Job requirement says:
"Measuring results, orchestrating marketing approach"
Instead of brainstorming a list of leadership experiences, focus on one big task that you have managed with a team to discuss in an interview.
Think of how you communicate with your team members and how they would describe your ability to delegate and organize the project. These will bring valuable insight to the hiring manager in your interview.
During an interview, you should be well prepared. Stay confident about your answers even if unexpected questions come up. Think carefully about what kind of manager the company expects. For example, if the company needs an open and democratic leader, demonstrate experience and leadership skills of how open to opinions and accept critical advice from your employees.
To demonstrate leadership skills in an interview, prepare yourself for uncertainties. That includes practicing, anticipating, and flexibility for improvising when the hiring manager asks unexpected questions.
Leadership skills, as mentioned, are a set of skills toolboxes. Different combinations lead to different types of leadership styles. Depending on industry, company culture, or structure, different styles are helpful and can be shifted from one to another.
A leader with a coaching leadership style is always open to suggestions and encourages their team players to be active. A coaching type of leadership style sees people’s potential and by giving little instructions they are able to realize the makings.
Democratic leaders are receptive and communicative. These leaders value opinions and foster trust as well as creativity. This type of leadership style also delegates without being dictatorial or “bossy”.
Pace-setter refers to driven leaders that care for productivity and speed. This type of leader is an agile practitioner and is energetic to achieve goals. Although pace-setters may be effective for development, especially during the entrepreneur stage, employees might stress out from the pressure.
The authoritative type of leadership style describes confident leaders who map out the direction and strategy for the employees to follow. They are willing to explain their plan and encourage the employees to follow through.
Affiliative leadership styles value bonds and relationships. This type of leadership style is empathetic and understanding and often encourages harmony among the company. It is particularly useful for conflict resolution.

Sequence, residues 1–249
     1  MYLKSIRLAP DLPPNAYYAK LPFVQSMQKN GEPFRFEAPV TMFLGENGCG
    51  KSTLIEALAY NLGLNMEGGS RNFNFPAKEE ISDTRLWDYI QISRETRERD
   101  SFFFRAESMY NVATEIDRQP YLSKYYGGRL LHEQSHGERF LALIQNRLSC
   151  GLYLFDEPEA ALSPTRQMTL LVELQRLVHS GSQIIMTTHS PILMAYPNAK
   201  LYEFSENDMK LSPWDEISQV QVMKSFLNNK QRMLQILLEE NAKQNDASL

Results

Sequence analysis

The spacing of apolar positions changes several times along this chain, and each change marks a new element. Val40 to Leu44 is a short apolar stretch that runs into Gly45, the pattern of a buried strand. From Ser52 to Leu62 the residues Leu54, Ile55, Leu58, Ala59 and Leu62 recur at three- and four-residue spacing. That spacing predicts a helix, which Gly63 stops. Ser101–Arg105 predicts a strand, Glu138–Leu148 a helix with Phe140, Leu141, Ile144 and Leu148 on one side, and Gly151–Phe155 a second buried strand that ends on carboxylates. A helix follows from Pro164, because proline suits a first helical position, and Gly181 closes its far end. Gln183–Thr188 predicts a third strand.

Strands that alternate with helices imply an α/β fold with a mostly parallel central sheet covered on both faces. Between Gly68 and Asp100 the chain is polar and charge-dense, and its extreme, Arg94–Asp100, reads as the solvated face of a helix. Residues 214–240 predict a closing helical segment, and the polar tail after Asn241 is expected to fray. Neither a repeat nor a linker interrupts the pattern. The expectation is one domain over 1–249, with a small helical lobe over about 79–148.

Leadership skills are not solely meant for leaders. Anyone can benefit from taking responsibility and progress into an accountable manager. To learn and improve your leadership skills, here’s how to develop your leadership skills:
Focus on the leadership skills you’d like to practice. Stepping out of the comfort zone is the primal way to progress. Being initiative and getting in touch with new tasks is the best way to acquire hands-on experience.
Don’t be complacent with current responsibilities. Taking on more responsibility trains your leadership skills and decision-making strategy. Finding efficient solutions to improve productivity can train your allocating and delegating skills.
There are tons of resources for you to discover. The basics are reading books, consulting your superior, and consuming authoritative reports and reviews. Familiarize yourself with the mindset so the vast leadership skills to learn will not be too intimidating.
Online resources such as Coursera, Dale Carnegie, Harvard Business School, Open University, Skillshare, or even 10 min Ted Talks offer bountiful explanations on how to develop leadership skills. In addition, university certificate programs, events, or local training workshops are all ideal choices for you to improve your leadership skills.
Communication requires consistent practicing. Without communication, a leader cannot cooperate and deliver instructions to others. Public speaking, presentation, concept explanation, and constructive opinion delivering are all the fundamentals of management and leadership skills.
In conclusion, leadership skills are essential for managerial, supervisory, or executive positions. These skills incorporate personal traits and techniques that take time and practice to develop. Including leadership skills in a resume can make a candidate stand out to potential employers. This article has provided a comprehensive guide on what leadership skills are, why they are important, and how to include them in a resume. The 50+ examples of leadership skills listed in the article are based on different skill types and offer a valuable resource for individuals seeking to improve their leadership skills. By following the tips provided in this article, individuals can demonstrate their leadership skills during a job search and showcase them during a job interview.
With CakeResume's resume templates and examples, job seekers can create a strong resume highlighting their leadership skills and setting them apart from other candidates. By developing and showcasing their leadership skills, individuals can enhance their career prospects and advance in their chosen fields.
--- Originally written by Wu Chao Min ---